Clinical picture

Phenotypes

Migraine and CH are diagnosed according to the International Classification of Headache Disorders (ICHD-3), which are evidence-based primarily on patient populations [102]. Although the clinical presentation of migraine and CH is usually different, these primary headaches often share some similarities in the headache phenotype, such as unilateral and severe pain and some associated symptoms including aura [103, 104] (Table 3). Moreover, coexistence of these two primary headaches simultaneously has been reported [105].
Table 3

Clinical similarities and differences amongst cluster headache, migraine without aura and migraine with aura

Headache phenotype

Cluster Headache

Migraine without aura

Migraine with aura

 

Location

Strictly unilateral

Usually unilateral

Similarities

Intensity

Severe/very severe

Moderate/severe

Associated symptoms

Nausea, photophobia and phonophobia

Aura (≈20%) [103]

-

Aura

Quality

Excruciating, stabbing

Deep, pulsating

Differences

Duration

15-180 minutes

4-72 hours

Radiation

Orbital, supraorbital and/or temporal

Frontotemporal

Circadian/circannual rhythms

Nocturnal [22]

Spring/autumn

Early morning [108]-

Frequency

Once every other day to eight times a day

Once every other day

Most common triggers

Alcohol [5]

Stress, cycling female hormones [239], [113] (but also alcohol)

Aggravators

-

Routine physical activity

Cranial autonomic symptoms

Ipsilateral, prominent

Bilateral, mild [66]

Disability during headache

Restlessness or agitation

Severe impairment or require bed rest

CH attacks are usually associated with multiple prominent ipsilateral cranial autonomic symptom, such as conjunctival injection, lacrimation, rhinorrhea, forehead sweating, miosis and/or ptosis [22, 106]. These symptoms have also been described in migraineurs, but patients usually report only one symptom (forehead sweating the most frequent) and in contrast to CH, they are less frequent, bilateral and mild [66].

Interestingly, different cohorts have revealed that CH patients without comorbid migraine frequently experience accompanying ‘migrainous associated symptoms’, such as photophobia, phonophobia, nausea or vomiting [104, 107]. Furthermore, CH attacks are associated with specific chronobiological features, mainly circadian (most frequently nocturnal) and circannual (most frequently spring or autumn) rhythms [22]. In contrast, migraine attacks are most frequently reported to occur during the day and no clear seasonal rhythm has been stablished yet [108].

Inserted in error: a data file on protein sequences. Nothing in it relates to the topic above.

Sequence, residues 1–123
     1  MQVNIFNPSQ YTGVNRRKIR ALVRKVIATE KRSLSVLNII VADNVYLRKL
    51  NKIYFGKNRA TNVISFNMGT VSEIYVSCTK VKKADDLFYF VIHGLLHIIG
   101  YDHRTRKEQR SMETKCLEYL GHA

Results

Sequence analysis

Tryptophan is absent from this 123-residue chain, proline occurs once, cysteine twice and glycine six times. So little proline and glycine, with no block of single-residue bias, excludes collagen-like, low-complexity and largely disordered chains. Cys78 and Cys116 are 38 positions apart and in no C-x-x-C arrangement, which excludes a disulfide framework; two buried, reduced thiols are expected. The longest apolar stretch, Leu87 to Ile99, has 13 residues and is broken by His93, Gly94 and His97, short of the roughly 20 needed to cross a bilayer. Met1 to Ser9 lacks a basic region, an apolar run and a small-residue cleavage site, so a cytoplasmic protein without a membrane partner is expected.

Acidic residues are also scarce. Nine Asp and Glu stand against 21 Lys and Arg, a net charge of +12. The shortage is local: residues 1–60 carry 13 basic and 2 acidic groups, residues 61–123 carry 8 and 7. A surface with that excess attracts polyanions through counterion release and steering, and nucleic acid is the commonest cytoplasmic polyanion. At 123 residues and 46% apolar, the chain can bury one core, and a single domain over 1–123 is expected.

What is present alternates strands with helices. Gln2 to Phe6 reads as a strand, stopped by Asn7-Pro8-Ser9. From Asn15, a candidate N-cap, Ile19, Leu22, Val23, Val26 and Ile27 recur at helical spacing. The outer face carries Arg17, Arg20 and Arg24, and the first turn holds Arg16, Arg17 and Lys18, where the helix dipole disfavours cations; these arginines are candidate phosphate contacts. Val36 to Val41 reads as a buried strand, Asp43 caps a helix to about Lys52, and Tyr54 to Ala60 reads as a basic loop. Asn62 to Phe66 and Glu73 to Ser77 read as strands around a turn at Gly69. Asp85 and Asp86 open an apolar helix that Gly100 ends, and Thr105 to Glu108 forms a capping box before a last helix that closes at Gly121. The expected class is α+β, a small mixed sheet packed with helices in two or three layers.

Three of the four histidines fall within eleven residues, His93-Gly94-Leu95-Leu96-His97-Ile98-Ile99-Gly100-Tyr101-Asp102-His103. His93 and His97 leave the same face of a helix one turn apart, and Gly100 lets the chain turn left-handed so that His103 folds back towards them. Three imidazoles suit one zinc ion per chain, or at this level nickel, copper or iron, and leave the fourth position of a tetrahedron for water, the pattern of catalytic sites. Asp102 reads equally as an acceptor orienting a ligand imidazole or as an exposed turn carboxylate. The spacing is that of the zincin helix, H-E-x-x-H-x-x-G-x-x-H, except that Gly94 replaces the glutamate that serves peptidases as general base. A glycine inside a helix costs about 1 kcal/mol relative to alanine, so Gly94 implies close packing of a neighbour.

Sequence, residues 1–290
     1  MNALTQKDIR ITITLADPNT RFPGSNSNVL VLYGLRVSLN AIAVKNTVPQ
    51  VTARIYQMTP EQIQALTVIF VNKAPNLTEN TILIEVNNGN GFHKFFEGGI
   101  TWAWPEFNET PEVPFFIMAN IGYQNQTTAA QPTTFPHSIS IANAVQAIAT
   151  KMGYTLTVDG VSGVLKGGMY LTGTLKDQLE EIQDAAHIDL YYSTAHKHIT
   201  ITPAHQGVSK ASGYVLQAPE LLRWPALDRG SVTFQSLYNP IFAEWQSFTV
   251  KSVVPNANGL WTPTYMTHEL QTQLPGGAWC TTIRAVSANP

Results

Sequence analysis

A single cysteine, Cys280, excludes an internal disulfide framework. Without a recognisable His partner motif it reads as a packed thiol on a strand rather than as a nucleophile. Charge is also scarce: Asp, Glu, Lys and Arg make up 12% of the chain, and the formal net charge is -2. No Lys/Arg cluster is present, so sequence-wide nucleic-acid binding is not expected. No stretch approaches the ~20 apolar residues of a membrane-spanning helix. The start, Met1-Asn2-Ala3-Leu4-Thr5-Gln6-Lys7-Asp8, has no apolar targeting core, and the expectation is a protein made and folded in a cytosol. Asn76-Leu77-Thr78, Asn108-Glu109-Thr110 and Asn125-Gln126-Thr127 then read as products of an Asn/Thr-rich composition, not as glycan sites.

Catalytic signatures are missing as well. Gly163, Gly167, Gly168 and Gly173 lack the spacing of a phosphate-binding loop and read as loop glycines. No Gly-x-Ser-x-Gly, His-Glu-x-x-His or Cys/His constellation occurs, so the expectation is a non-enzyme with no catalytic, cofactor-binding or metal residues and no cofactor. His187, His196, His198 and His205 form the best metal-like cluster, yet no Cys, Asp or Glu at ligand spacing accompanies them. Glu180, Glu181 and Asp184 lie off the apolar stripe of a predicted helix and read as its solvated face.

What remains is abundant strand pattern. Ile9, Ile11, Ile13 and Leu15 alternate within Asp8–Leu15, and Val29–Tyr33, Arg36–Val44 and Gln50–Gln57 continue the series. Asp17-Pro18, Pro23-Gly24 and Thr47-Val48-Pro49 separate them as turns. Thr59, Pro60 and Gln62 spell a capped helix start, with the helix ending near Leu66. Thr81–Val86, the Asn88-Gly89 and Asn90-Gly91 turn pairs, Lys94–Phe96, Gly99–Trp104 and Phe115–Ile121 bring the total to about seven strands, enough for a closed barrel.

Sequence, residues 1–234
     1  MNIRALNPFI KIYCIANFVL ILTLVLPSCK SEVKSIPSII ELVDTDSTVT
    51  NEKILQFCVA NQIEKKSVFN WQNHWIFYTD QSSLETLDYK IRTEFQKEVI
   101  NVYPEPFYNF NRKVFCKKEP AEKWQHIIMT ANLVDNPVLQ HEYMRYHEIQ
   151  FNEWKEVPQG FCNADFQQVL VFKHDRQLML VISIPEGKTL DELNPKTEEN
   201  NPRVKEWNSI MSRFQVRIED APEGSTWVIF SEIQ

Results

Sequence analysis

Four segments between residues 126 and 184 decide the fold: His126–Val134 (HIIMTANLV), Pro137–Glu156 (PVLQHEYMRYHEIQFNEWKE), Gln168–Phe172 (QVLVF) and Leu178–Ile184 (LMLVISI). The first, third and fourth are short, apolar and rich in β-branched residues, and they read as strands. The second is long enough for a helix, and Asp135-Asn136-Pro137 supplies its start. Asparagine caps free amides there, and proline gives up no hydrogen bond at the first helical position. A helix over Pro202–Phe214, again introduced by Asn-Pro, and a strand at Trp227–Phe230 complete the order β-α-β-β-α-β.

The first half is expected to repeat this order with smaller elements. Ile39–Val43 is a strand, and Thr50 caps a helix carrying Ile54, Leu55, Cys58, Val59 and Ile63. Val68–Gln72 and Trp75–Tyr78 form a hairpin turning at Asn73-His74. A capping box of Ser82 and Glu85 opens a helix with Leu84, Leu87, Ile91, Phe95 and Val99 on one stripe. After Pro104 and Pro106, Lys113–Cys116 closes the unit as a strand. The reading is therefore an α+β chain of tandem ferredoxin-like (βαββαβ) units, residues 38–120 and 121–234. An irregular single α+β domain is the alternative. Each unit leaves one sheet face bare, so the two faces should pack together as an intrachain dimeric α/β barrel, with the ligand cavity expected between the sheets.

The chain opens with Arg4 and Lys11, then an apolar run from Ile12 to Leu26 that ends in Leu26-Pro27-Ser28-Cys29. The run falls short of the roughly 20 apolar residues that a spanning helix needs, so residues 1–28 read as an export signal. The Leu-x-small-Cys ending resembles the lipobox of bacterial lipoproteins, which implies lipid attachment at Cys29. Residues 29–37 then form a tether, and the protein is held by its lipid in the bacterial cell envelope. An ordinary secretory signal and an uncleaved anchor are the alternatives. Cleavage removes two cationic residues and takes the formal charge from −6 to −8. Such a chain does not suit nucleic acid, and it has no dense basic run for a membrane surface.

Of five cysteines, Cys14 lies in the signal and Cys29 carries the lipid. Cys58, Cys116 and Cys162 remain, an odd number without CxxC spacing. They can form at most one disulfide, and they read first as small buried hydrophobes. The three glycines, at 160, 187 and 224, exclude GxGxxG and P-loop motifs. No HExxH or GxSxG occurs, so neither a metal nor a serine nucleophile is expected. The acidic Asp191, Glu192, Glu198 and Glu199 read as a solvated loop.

When migraine attacks occur on 15 or more days/month for more than three months it is considered chronic [102]. Each year 2.5–3% of patients with episodic migraine transform to chronic migraine (CM), fortunately these patients frequently revert back to episodic migraine [109, 110].

CH attacks occurring for one year or longer without remission or with remission periods lasting less than three months (10–15%) are classify as chronic [102]. CCH may be unremitting from onset (de novo), or evolve from the episodic type and in some patients a change from chronic to episodic may occur [111]. Furthermore, a recent consensus from the European Headache Federation defined refractory CCH as a situation that fulfills ICHD-3 for CCH with at least three severe attacks per week despite at least three consecutive trials of adequate preventive treatments [112].

Triggers

Migraine and CH patients report a remarkable number of common triggers – both naturally occurring events such as stress, sleep, alcohol intake and weather changes [106, 107, 113], but also pharmacological triggers [22, 114]. It has been suggested that these triggers are common trigeminal system activators [105, 109].